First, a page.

Observation 67012: Cortinarius austroviolaceus Gasparini

When: 2011-05-05

Collection location: Brimbin Nature Reserve, Taree, New South Wales, Australia [Click for map]

Who: Ian Dodd (kk) (www.kundabungkid.com) Australia (kundabungkid)

No specimen available

These mauve capped fungi were about 4cm in height. The caps were dry and the stems had banding running at about 45degrees across the stems. The caps were darker in the centre becoming less colour saturated towards the perimeter. The Gills were close and more saturated in the mauve colour. The stem appeared to mark easily and show a darker colour when the area was exposed. The substrate was soft and had good mixed levels of varying debris. The was no unusual identifiable aroma.
I was unable to Create the naming used by Bruce : Cortinarius sp. aff. violaceus.
However the database did except the shortened name? Not sure if this was technically correct, but I am sure some-one more knowledgable than I will assist. Added note********* Brimbin is a natural Eucalyptus forest Reserve. Semi dry aspect with a local fresh water creek in one area and on the eastern side of the reserve is a tidal brackish salt water creek. This creek is about 25 klms from Taree, NSW, coastline.

Proposed Names

-3% (4)
Used references: Bruce Fuhrer image 58 p50 A Field Guide to Australian Fungi 2005
62% (4)
Recognized by sight
75% (3)
Eye3 Eyes3
Recognized by sight: Fits photos I have that match DNA sequences of C. austroviolaceus. However, morphological examination would be ideal. Should be growing with Eucalyptus or Leptospermum.

Please login to propose your own names and vote on existing names.

Eye3 = Observer’s choice
Eyes3 = Current consensus


Add Comment

Tom May (funkeytom) might like to comment on your supposition Emma. Chow, kk

Northernmost collection???
By: Emma Harrower (eharrower)
2014-07-02 17:06:55 PDT (-0700)

C. austroviolaceus has only been collected in Victoria and Tasmania. Could this be a closely related species? Or the northernmost collection of C. austroviolaceus???

light violet?
By: Emma Harrower (eharrower)
2014-06-30 16:24:55 PDT (-0700)

The description says “blue-violaceus in every part” and my photos look darker, but the rest of the general habit fit.

thanks Emma.
By: Debbie Viess (amanitarita)
2014-06-30 16:19:14 PDT (-0700)

that is exactly the kind of info I was looking for.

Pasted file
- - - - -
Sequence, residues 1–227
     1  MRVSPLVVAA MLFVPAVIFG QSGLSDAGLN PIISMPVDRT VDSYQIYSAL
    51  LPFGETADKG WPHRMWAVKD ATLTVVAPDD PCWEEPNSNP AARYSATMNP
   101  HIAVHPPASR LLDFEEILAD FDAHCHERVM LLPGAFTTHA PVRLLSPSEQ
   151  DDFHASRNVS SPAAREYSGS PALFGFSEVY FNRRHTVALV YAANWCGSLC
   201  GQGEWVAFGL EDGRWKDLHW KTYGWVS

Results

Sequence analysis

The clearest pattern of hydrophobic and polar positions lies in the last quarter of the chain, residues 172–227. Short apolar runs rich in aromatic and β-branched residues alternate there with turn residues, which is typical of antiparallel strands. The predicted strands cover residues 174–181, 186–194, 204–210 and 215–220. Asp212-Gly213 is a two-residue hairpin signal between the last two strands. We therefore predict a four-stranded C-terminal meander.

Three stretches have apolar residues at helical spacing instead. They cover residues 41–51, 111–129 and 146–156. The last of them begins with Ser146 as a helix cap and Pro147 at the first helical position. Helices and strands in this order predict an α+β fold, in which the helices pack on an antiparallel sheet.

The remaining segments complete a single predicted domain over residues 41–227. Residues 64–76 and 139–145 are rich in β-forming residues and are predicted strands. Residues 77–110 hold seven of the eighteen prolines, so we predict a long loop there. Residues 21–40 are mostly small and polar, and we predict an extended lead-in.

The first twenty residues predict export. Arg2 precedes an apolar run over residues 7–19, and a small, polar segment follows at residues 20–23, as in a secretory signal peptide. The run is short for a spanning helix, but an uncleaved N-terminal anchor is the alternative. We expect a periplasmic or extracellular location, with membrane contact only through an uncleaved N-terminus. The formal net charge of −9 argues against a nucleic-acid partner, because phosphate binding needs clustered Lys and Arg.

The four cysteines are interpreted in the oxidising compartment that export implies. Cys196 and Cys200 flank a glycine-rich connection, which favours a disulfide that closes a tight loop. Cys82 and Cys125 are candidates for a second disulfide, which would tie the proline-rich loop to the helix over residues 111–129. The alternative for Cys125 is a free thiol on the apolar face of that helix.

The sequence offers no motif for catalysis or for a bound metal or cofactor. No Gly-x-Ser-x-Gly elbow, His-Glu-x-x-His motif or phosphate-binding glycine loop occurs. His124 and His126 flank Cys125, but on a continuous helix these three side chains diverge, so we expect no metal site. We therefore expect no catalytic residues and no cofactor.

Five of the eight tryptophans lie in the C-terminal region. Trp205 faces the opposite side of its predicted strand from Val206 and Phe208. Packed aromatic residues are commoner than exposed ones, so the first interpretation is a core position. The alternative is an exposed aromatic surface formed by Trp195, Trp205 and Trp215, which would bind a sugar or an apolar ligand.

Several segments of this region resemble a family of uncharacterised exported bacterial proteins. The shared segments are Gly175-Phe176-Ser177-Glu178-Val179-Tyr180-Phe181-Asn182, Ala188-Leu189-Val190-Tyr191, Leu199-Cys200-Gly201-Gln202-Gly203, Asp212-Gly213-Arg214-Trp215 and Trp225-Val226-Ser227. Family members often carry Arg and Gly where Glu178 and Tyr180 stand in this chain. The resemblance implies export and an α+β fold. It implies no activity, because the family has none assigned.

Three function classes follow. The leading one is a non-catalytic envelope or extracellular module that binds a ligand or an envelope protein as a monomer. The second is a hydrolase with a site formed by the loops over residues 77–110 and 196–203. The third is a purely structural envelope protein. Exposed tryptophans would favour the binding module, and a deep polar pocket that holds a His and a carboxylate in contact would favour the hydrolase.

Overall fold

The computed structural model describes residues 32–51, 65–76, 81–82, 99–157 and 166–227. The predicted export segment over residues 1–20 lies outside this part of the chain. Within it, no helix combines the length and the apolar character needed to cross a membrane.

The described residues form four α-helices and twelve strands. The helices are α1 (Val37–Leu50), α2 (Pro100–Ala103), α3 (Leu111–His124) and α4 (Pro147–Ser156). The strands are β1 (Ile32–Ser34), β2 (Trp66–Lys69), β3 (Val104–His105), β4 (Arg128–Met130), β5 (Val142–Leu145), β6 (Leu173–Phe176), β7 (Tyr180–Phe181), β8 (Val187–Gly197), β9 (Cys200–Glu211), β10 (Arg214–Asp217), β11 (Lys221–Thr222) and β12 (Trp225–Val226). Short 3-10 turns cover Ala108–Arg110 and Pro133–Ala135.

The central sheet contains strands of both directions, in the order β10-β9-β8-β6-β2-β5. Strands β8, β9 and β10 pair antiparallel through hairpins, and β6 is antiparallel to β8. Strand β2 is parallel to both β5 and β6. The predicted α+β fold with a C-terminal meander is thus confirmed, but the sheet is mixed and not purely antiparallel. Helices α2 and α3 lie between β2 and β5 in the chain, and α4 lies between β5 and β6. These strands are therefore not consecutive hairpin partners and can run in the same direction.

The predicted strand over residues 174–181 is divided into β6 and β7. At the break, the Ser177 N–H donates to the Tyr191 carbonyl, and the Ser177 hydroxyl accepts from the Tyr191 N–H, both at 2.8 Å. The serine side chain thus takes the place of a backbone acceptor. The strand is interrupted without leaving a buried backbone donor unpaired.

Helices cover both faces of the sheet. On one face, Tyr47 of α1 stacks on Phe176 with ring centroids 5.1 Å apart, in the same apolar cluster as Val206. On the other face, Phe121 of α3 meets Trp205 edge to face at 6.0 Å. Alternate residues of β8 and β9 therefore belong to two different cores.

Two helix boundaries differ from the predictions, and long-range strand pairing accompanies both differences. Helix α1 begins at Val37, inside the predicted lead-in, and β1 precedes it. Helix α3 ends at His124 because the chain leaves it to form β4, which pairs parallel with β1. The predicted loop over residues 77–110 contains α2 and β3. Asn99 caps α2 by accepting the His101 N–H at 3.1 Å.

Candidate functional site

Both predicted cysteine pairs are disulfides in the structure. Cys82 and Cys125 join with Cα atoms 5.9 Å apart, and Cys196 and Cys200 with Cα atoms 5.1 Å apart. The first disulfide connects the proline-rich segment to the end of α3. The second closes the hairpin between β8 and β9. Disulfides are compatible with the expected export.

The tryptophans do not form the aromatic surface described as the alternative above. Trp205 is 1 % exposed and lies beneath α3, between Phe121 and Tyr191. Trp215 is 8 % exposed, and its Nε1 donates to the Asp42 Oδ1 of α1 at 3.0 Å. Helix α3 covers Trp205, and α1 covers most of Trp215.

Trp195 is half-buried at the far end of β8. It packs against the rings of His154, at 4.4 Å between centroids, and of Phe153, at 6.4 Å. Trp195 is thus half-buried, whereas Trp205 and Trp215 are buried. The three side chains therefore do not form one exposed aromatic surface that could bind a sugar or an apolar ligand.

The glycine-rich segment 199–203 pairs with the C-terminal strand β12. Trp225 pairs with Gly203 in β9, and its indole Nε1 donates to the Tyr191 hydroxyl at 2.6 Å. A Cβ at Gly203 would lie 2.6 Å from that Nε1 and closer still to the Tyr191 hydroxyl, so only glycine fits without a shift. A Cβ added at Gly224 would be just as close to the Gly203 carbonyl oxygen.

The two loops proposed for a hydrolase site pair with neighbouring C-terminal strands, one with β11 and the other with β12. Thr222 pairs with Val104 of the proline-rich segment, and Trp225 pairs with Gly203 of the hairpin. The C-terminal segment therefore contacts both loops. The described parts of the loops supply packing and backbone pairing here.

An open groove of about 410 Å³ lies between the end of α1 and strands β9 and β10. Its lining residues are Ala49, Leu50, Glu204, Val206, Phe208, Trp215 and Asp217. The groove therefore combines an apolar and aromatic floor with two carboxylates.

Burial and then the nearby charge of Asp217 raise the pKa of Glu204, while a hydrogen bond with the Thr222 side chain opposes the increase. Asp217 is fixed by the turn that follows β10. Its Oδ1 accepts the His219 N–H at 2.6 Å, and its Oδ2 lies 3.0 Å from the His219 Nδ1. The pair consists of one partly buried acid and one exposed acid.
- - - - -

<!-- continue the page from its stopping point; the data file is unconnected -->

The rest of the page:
Keep on finding these cool fungi, Ian! I sure can’t hold a candle to YOUR finds, these days.

Find Area.

The location of the find is a Eucalyptus forest reserve, with both fresh water stream, and brackish (salt) water tidal creek within its boundaries, and about 25 kilometres West of Taree NSW, and the Eastern Coastline.

C. violaceus vs. C. austroviolaceus
By: Emma Harrower (eharrower)
2014-06-30 16:11:13 PDT (-0700)

C. violaceus and C. austroviolaceus are not related. They have the same purple color. C. violaceus turns red in KOH while C. austroviolaceus is reported to turn pink in KOH. However, C. violaceus has both cheilo- and pleurocystidia while C. austroviolaceus only have cheilocystidia. The granulation on their spores is different too.

just looked it up on IF …
By: Debbie Viess (amanitarita)
2014-06-30 15:31:34 PDT (-0700)

yep, it’s a published name.

is austroviolaceus a published name, Emma?
By: Debbie Viess (amanitarita)
2014-06-30 15:30:12 PDT (-0700)

otherwise, shouldn’t it be in quotes?

There seem to be macro-morph differences between Ian’s lovely find and our shaggy capped, purple NA violaceus, too. Are they fairly closely related?


TimmiT, What you say is exactly right. I tried the Australian naming and the site would not accept it. Used the shortened version and it was accepted! Where do we go from here with Southern Hemisphere naming if we do it in error. MMMmmm

By: TimmiT
2011-05-08 01:08:17 PDT (-0700)

Molecular studies have shown that the Australian material is genetically distinct from Northern hemisphere collections of C. violaceus (and so represent a distinct species). In a technical sense the Northern hemisphere name of Cortinarius violaceus is probably not appropriate for this collection.

The name Cortinarius sp. aff. violaceus gets the message across well but isn’t supported by the site. To my knowledge the Australian version has not been formally described, so I suppose the best name for this observation is Cortinarius sp.


Thanks for that info, (Timmit) Do you agree with the naming please. It looks right to me, I think? damon brunette (damonbrunette) is usually on the ball.

sp. aff.
By: TimmiT
2011-05-07 11:27:30 PDT (-0700)

sp. aff. is an abbreviation of species affinis. From latin ‘affinis’ translates as ‘akin to’ or ‘related to’. It means that the specimen closely resembles the named taxon but represents a distinct species (either unknown or undescribed).

So “Cortinarius sp. aff. violaceus” means it’s a Cortinarius species close to C. violaceus (but not C. violaceus)

By: damon brunette (damonbrunette)
2011-05-06 18:03:22 PDT (-0700)

excellent orange hues captured

Created: 2011-05-06 17:20:21 PDT (-0700)
Last modified: 2014-06-30 16:27:55 PDT (-0700)
Viewed: 202 times, last viewed: 2017-12-02 04:52:36 PST (-0800)
Show Log